Launched in 2016 by founder and designer Terry Shin, Black Merle is a brand that tackles anti-fashion like none other. Black Merle is a noun defined as a dark-coated dog with irregular streaks and specks. Through their apocalyptic, neo-maximalist theme of “more is more” as stated by Shin himself they succeeded in releasing fashion from the shackles of its definition.

With an emphasis on usability, recreation and deconstruction they are a new take on anti-fashion with a military-like theme never seen before. What I mean is, although the titans of anti-fashion Yohji Yamamoto and Rei Kawakubo defined what anti-fashion is today, Terry Shin took said definition and dare I say…elevated it with Black Merle.

A Vancouver and Seoul based brand that prides itself on its ability to customize and its emphasis on blackness, though these two attributes may narrow their variety in the eyes of some, they have been able to break the preconceived notion everyone had of them with their newer collections. Previously, with their FW 17 collection, “Incarnate”, I could liken them more to Takahiro Miyashita The Soloist, Undercover and Raf Simons with a focus on military and tactical wear. This is not to say that they did not properly execute this collection, their clothes were literal pieces of art. I am only stating the relation to the ethos of this collection with other brands. I particularly loved his first collection more as he incorporated the most black pieces into it.

However, with their newer garments of F/W 19 and F/W 20 they were able to embody the values they stood by. Displaying out of the world clothing that cannot be likened to any designer past or present. Seeing the relative fame they have garnered in the past two years, Black Merle has just begun and there is no sign of them stopping. Terry Shin has his hand on the pulse of the industry and is unwilling to let go.

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Post Archive Faction: Renegades of Fashion

Post Archive Faction, a name that is currently being echoed in the fashion scene. From their deconstructed garments, futuristic set designs and anti-fashion persona they hit the floor running with their launch in 2018. A Korean based menswear label designed by Dongjoon Lim and Sookyo Jeong. Dongjoon Lim started out as a user experience designer for fashion companies, after studying industrial and spatial design. He later taught himself menswear design, incorporating his experience and degree into his garments. Specializing in avant-garde sportswear and futuristic outerwear.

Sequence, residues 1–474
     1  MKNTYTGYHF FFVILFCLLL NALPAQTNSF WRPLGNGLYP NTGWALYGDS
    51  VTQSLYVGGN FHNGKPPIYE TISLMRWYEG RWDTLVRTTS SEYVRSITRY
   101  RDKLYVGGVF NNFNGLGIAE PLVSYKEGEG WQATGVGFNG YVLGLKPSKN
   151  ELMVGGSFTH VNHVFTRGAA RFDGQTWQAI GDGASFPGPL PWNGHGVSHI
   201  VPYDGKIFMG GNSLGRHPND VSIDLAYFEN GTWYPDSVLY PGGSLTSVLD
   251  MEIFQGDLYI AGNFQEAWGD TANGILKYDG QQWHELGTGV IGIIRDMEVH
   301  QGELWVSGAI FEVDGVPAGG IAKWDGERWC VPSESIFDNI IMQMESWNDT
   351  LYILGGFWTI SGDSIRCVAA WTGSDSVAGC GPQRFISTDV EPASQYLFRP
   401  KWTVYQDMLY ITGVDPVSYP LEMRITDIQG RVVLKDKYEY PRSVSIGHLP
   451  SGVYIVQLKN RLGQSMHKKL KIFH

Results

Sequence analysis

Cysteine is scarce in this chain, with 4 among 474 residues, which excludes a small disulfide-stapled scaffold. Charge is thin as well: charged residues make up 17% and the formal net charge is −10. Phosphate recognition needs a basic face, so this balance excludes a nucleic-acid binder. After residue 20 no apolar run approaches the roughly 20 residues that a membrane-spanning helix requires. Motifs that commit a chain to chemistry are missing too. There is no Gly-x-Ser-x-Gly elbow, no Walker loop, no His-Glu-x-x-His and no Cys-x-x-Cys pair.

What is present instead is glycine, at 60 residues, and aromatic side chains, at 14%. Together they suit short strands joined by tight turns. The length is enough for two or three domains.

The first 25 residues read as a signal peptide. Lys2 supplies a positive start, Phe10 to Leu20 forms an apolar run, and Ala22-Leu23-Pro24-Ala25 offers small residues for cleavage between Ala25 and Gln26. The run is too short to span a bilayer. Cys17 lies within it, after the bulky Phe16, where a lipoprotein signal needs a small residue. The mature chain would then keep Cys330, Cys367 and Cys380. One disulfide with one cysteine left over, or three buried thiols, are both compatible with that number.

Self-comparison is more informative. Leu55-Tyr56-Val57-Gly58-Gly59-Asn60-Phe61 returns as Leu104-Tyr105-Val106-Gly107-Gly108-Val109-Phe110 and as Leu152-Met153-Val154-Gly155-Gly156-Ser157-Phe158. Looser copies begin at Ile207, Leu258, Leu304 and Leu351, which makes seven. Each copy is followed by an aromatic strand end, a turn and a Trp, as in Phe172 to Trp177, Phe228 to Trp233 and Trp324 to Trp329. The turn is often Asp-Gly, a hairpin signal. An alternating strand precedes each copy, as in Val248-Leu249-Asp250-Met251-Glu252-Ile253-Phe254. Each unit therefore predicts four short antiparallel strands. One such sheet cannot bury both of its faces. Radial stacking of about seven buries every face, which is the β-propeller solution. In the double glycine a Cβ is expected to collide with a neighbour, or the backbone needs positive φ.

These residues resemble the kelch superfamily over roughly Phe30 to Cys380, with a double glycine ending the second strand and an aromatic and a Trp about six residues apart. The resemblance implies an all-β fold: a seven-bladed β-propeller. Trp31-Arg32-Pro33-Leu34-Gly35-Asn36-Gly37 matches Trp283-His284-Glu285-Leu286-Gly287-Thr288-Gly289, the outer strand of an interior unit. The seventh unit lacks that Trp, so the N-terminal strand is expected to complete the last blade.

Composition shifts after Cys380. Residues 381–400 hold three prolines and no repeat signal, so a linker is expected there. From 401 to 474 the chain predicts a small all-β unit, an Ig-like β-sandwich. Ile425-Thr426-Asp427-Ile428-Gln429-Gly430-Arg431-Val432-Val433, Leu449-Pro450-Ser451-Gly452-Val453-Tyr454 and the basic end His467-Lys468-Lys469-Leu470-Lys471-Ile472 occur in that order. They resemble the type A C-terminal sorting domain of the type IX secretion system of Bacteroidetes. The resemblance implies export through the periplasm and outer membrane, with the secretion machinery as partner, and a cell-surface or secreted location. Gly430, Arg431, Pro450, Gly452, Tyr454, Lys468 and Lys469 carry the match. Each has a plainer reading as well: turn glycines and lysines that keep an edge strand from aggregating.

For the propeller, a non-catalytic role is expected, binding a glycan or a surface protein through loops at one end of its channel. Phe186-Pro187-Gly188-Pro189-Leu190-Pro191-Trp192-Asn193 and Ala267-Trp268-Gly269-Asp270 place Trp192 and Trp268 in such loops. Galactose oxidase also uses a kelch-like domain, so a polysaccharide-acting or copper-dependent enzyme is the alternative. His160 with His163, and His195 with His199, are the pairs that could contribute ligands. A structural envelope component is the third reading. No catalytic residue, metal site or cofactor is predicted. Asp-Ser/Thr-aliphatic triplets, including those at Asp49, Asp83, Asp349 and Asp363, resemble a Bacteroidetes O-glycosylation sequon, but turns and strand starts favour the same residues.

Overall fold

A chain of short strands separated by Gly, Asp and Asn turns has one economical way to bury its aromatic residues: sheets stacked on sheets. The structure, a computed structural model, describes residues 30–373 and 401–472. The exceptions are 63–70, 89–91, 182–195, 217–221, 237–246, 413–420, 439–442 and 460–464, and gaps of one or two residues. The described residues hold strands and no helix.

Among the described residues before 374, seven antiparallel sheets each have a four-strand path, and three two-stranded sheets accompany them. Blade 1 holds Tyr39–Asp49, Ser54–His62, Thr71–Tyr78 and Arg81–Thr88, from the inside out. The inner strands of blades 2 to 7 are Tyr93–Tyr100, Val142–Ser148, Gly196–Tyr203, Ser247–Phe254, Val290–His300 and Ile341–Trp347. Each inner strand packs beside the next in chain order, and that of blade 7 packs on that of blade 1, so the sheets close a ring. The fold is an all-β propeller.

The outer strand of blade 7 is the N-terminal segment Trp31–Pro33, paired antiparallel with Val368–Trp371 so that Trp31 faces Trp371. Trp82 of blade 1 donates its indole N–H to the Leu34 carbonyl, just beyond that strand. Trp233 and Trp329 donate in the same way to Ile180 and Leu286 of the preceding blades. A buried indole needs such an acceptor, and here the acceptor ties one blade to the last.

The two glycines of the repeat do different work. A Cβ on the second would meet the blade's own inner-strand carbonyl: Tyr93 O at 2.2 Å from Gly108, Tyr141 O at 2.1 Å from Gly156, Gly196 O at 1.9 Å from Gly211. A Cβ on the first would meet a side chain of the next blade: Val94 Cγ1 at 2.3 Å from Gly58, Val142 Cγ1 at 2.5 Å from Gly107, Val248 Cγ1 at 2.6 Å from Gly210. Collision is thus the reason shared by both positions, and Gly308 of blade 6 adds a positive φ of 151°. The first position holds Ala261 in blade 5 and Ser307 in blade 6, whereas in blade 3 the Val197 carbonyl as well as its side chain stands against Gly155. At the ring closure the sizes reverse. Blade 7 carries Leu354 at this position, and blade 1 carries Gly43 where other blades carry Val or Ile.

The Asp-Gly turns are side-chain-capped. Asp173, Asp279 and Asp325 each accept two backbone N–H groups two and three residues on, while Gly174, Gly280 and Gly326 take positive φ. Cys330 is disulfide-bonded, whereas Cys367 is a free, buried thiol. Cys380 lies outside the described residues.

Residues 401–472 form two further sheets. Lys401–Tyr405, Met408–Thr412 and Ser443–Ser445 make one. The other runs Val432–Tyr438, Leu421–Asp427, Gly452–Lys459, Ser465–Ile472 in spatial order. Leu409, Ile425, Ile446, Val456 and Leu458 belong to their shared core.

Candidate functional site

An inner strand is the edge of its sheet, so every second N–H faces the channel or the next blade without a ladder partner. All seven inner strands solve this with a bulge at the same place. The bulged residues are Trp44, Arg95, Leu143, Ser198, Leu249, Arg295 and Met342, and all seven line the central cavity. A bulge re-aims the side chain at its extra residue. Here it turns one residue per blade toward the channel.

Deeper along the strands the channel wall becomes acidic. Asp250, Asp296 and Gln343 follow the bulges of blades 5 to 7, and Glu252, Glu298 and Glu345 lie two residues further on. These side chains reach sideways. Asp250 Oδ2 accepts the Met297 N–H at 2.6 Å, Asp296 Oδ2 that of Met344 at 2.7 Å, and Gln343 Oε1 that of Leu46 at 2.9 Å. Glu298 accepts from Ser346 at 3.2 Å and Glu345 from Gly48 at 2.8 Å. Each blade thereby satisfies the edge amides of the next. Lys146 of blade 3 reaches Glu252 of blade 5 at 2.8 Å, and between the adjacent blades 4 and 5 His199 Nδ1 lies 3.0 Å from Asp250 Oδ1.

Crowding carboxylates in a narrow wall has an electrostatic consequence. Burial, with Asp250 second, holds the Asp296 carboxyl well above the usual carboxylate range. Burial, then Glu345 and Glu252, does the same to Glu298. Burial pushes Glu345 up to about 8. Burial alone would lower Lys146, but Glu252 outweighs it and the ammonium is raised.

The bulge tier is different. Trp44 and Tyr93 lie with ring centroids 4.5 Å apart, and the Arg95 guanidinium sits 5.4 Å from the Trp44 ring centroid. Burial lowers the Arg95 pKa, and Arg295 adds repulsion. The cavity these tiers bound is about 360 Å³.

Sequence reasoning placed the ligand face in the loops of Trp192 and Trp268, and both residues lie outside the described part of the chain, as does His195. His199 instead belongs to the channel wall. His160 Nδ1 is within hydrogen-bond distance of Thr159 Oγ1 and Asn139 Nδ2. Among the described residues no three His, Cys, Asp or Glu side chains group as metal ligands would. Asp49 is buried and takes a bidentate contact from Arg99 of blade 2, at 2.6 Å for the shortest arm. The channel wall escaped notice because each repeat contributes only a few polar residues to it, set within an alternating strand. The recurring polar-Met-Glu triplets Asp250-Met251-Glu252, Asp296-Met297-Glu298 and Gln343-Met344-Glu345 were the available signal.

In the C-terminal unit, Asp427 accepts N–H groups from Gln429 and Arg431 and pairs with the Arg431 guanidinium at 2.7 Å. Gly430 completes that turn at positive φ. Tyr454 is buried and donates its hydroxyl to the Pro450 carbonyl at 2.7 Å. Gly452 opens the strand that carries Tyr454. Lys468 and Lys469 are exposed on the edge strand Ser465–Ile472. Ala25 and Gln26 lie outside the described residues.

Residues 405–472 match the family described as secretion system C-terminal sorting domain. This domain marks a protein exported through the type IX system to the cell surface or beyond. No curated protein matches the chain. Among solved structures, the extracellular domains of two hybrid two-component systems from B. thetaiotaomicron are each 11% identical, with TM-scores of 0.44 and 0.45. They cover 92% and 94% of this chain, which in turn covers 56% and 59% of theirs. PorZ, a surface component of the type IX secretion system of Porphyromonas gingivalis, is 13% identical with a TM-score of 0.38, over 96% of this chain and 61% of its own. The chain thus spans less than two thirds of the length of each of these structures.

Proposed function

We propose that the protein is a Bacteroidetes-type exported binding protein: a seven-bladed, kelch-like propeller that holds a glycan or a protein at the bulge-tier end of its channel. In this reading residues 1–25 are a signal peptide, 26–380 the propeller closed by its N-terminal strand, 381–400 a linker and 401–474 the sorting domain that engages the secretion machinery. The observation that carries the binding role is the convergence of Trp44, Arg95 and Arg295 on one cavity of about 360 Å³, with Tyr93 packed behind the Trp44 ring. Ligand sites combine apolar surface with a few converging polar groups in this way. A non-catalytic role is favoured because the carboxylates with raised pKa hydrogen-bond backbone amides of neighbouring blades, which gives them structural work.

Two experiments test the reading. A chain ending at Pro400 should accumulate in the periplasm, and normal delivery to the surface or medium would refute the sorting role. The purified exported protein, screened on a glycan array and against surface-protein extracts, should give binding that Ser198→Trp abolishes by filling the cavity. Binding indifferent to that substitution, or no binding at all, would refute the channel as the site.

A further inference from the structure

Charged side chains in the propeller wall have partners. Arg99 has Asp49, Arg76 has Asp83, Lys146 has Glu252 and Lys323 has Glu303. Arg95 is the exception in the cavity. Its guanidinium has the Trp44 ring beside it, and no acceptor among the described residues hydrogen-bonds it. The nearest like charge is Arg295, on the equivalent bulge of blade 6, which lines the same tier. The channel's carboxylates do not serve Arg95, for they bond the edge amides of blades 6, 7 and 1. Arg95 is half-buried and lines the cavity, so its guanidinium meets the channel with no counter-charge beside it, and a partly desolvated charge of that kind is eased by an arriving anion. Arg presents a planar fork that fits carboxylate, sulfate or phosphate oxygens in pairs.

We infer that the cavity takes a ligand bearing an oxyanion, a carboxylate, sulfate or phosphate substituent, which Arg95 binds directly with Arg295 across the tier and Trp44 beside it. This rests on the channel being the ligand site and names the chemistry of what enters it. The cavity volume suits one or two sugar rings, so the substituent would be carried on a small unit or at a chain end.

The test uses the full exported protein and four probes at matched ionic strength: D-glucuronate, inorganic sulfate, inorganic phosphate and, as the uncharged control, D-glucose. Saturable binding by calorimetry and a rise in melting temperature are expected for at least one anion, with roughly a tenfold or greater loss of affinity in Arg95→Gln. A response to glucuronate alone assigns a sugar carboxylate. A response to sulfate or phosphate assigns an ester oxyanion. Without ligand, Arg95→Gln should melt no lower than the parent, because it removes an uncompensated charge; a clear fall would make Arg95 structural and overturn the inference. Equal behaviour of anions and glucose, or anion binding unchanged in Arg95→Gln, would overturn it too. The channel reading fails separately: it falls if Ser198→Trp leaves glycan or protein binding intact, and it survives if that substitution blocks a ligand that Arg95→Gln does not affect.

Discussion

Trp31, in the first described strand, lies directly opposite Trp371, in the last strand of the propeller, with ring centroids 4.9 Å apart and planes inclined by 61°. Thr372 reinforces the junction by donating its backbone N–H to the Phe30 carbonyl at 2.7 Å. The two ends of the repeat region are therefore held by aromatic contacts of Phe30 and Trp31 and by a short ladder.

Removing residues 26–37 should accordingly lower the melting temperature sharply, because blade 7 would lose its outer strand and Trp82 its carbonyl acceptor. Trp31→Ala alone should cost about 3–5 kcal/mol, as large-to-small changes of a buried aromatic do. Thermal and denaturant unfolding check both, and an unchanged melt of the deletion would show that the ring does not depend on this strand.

“Rejecting the conventions of fashion”, the title of their Fall Winter 2018 collection that brought them into the limelight. A rebellious presence, their induction into the fashion scene, their F/W 2018 collection signaled the death of the old fashion norms and a new beginning.

“Centered around disassembly and assembly, the title of their Fall Winter 2019 collection continued with their previous theme of fashion deconstruction and rebellion. They seamlessly combined mismatched proportions, asymmetrical pieces and utility into this collection, breaking down preconceived notions of what fashion is and could be.

“Filled with intentionally damaged designs”, the title of their Spring Summer 2020 collection represented the broken and fragmented human. A representation of the fragility of man, physically, emotionally and perhaps even mentally. The blueprint of the pieces follows the brands creed of fabricating new structural formula through evolving archives.

“Exploring physical movements through function, asymmetric form and collapsing shapes”, their Spring Summer 2021 collection can be seen as the epitome of avant-garde sportswear. With a stronger approach to the unknown, they are able to incorporate practical clothing into moving art pieces which caters to a greater target audience. The set design can be understood as a treadmill, with a cloak draped over it to portray movement in clothing. Though that is my individual interpretation of it.

In 2021, PAF has become a semi-finalist for LVMH’s prize for young designers which notes the first instance their work has been recognized on a global scale for its beauty. I believe this is the first in a plethora of awards and recognitions for the brand. Post Archive Faction continues till this day to push the norms, perspectives and definition of fashion with its outlandish designs, creative pieces and otherworldly set designs. In the short span of 4 years, PAF has come a long way, and as a big fan of the brand myself, it is only natural I dedicate this article to them.

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Below The Surface

Lacking an identity, 

Your presentation a farce, a culmination of strangers;

Drifting through this world, a shell of a man.

Acceptance your jail, 

Impressions your warden,

Never knowing how it feels to create or imagine.

Never displaying yourself true, in fear of your environment.

Do you enjoy this? Equating validation to your happiness? 

Dishonesty your elation, Truth your sorrow.